Aww, hmmm, ohh heyyy nooo omggg!

8 Jan
Tonight, Stacy Dickerman (@linguajinks) noticed a friend on Twitter use “DUMBBB”. A succession of observations followed:
  • “Just saw a friend tweet “dumb” as “DUMBBB” which now has me thinking about stylistic repetition of letters on Twitter, esp. letter choice.”
  • “In this case, word boundary seems to influence letter choice more than stressed phono-orthographic element. (cf. “DUMMMB” or “DUUUMB”)”
  • “Also interesting: “DUUUMB” looks really weird to me even though the vowel is probs the sound I’m most likely to lengthen in actual speech.”
  • “Three “U”s look totally fine in “DUUUMMMMMMBBBBBBB” however (U=3, M=6, B=7). Intriguing.”
One of the things I looked at in my dissertation was this kind of “expressive lengthening” (I sometimes call it “affective lengthening” but I’m pretty sure “expressive lengthening” is better).
The most straight-forward thing to track is three-repeated letters (because we have sooo many words like groove and flipped and erroneous that have legitimate double-letters).
So let me first focus on three-letters-or-more. In that case here are the frequencies of how many different words there are in my data:
Count of diff words
ooo+ 89
eee+ 52
mmm+ 16
sss+ 11
rrr+ 6
ppp+ 6
nnn+ 5
ttt+ 4
ggg+ 4
fff+ 2
ddd+ 2
(Total) 197

The most popular words are:

  • awww
  • aaa
  • hmmm
  • mmm
  • soo
  • ahhh
  • xxx (if you want to count this)
  • ohhh
  • oooh
  • soooo

As you can see, the only one of these that is derived from a “normal” word is sooo.

My guess is that expressive lengthening starts with expressive sound-words like aww and then moves over to shorter words of affirmation/negation/politeness: nooo, heyyy, yeahh, yesss, meee are all frequent.

Then there’s a further extension that I personally love. lmaoooloool, lolll, and omggg are also popular. This is awesome because speech and writing get disconnected even though expressive lengthening probably began as a way of indicating spoken length (“I want you to hear what I’ve written”). Some people do say lol aloud, but no one (to my knowledge) uses lmao or omg in speech without spelling them.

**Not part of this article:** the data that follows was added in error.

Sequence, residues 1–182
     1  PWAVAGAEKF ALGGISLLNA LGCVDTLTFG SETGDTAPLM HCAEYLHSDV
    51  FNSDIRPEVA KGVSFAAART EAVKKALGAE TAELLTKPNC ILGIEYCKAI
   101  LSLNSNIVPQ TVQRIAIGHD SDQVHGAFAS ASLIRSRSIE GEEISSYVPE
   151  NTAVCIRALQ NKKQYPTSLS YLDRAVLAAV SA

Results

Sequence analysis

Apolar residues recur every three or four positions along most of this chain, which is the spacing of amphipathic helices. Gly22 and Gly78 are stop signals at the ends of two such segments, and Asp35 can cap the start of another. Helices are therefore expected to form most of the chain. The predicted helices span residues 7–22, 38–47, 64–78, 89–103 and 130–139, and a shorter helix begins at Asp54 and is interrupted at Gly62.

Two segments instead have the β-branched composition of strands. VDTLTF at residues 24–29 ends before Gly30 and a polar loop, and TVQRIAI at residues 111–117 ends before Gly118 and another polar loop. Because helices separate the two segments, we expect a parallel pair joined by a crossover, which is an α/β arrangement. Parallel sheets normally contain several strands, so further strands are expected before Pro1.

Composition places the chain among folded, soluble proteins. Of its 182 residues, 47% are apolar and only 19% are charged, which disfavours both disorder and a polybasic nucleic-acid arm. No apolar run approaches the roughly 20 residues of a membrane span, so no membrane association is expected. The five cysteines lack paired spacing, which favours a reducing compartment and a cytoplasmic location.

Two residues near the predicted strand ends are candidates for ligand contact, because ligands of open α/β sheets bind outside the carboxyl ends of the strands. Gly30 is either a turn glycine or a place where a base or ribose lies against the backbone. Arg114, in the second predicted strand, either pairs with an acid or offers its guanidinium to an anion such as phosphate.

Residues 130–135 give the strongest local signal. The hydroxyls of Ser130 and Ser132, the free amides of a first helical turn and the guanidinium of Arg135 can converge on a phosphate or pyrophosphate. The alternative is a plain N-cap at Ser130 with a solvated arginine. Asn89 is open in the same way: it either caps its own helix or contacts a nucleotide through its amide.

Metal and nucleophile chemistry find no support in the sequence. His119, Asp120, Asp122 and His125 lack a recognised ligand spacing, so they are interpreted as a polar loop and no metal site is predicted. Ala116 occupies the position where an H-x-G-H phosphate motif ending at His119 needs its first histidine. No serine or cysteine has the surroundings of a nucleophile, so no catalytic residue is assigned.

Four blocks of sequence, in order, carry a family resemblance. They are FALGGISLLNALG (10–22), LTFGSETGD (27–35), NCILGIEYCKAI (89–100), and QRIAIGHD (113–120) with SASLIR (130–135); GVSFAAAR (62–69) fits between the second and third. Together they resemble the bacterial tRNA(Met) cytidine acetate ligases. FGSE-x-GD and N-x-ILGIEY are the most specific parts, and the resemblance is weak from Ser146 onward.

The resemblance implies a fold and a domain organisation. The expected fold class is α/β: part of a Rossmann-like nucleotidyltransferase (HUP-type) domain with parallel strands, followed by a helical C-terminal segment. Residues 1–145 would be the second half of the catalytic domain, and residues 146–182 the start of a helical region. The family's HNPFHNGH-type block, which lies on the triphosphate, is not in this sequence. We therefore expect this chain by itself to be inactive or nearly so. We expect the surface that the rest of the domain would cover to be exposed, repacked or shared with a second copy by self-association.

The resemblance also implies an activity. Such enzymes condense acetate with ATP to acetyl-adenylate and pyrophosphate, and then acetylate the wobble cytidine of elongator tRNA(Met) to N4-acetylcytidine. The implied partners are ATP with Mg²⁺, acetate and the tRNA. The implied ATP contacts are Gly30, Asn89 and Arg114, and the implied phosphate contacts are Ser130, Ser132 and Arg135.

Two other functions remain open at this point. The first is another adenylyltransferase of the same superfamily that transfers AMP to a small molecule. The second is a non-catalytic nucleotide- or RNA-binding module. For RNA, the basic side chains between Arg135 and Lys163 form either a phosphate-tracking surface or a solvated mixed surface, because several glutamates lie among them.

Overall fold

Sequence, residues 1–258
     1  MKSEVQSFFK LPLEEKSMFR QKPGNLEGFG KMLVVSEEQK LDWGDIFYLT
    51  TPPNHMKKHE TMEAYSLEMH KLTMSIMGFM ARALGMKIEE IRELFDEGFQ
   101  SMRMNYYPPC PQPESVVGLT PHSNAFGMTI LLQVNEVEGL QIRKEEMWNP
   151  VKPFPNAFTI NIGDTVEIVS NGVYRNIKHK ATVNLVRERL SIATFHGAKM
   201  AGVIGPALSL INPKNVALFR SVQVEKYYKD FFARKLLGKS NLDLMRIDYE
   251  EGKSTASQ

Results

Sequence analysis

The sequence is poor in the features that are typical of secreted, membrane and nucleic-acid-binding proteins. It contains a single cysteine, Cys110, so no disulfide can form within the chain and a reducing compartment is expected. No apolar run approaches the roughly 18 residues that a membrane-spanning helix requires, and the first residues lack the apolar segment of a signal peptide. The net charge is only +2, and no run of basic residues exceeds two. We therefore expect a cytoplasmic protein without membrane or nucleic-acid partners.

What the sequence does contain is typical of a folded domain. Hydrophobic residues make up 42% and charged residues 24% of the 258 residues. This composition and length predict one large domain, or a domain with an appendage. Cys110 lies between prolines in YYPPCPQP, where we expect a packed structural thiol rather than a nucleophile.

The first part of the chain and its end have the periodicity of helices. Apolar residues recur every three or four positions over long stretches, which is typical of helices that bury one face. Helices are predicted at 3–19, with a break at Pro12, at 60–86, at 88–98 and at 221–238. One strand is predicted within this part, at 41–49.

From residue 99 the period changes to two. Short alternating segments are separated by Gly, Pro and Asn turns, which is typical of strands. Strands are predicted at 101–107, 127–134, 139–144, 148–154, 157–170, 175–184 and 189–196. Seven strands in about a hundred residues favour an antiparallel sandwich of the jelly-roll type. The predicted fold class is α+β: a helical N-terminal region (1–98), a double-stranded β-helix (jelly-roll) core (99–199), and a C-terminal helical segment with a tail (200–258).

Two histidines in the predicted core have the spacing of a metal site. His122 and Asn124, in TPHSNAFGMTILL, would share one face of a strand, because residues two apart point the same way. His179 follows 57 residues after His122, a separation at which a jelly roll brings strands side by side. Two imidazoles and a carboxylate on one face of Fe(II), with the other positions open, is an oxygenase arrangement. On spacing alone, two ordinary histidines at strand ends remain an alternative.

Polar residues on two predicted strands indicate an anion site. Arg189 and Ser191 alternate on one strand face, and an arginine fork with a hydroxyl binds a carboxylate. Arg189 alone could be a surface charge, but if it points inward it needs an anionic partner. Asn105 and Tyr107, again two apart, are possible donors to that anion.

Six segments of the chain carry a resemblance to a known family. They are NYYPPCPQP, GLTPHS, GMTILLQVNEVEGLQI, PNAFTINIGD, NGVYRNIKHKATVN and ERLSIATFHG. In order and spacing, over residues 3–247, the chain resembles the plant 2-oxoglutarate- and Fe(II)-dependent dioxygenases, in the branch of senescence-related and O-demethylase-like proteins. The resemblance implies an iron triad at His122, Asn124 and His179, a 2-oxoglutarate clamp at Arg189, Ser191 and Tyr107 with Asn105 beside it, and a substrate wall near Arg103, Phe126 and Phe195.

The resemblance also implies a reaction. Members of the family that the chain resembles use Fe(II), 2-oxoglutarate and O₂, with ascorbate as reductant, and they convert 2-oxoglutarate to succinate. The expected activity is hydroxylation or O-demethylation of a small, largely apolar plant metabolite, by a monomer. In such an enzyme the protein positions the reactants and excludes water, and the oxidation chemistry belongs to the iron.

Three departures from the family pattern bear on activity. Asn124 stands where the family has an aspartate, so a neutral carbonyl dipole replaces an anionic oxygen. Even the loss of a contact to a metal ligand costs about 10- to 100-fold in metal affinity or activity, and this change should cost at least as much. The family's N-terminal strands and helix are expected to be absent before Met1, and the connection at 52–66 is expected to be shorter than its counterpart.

That omggg may have caught your attention because it sort of looks like someone is trying to lengthen a hard-g. You can’t lengthen a hard-g. Try it. You can repeat/stutter sounds like /g/, /t/, /b/, but you can’t hold them like a vowel or a nasal (m, n) or a sibilant (/s/, /z/).

But you get people doing this. My favorites are uppp, happpy, yuppp, nighttt, shittt, anddd, amazinggg.

I’ll close up now, but put the triples in context of doubles-we-know-are-doubles (so I’m not reporting ff or oo).

Count of diff words
ooo+ 89
hh+ 75
aa+ 59
eee+ 52
yy+ 42
ww+ 34
lll+ 16
mmm+ 16
xx+ 13
uu+ 13
ii+ 12
sss+ 11
kk+ 10
ppp+ 6
rrr+ 6
nnn+ 5
ttt+ 4
ggg+ 4
aa+/hh+ 3
fff+ 2
ddd+ 2
(Total) 474

PS–Forms like “DUUUMMMMMMBBBBBBB” are pretty uncommon. The main words that have multiple different letters repeated are aawww, ooohh, awwhh, aahh, ooohhh, aaww, hahhaa. There are probably more like wooohooo but I haven’t annotated those distinctively.

 

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One Response to “Aww, hmmm, ohh heyyy nooo omggg!”

Trackbacks/Pingbacks

  1. Why Twitter Makes Us Want to Add Extra Letterssss - City Scene Live | City Scene Live - February 21, 2013

    [...] You wrote a post about a friend who’d seen the word dumb tweeted as DUMBBB, which inspired you to take a look at which specific letters were added most frequently and why. Ooo was a big winner. Why do you think people pick the particular letters they do?  People love the o! I think it’s something about rounding your lips; it’s iconic of getting your mouth around something. Your lips, pursing forward, going out into the world … there’s something there.  [...]

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